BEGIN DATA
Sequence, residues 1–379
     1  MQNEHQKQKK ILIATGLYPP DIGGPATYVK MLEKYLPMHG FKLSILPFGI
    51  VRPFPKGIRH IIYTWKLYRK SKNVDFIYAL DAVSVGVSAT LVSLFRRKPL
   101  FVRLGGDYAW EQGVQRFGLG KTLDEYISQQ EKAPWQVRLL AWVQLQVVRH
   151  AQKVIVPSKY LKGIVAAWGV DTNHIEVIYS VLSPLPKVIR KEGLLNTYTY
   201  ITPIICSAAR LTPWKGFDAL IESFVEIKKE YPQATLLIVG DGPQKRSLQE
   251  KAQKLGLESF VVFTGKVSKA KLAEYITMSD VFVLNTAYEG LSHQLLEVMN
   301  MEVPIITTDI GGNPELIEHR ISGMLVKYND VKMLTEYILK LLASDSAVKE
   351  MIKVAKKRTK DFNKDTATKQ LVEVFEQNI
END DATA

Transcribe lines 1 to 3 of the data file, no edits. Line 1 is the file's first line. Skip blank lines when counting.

Sequence, residues 1–379
     1  MQNEHQKQKK ILIATGLYPP DIGGPATYVK MLEKYLPMHG FKLSILPFGI
    51  VRPFPKGIRH IIYTWKLYRK SKNVDFIYAL DAVSVGVSAT LVSLFRRKPL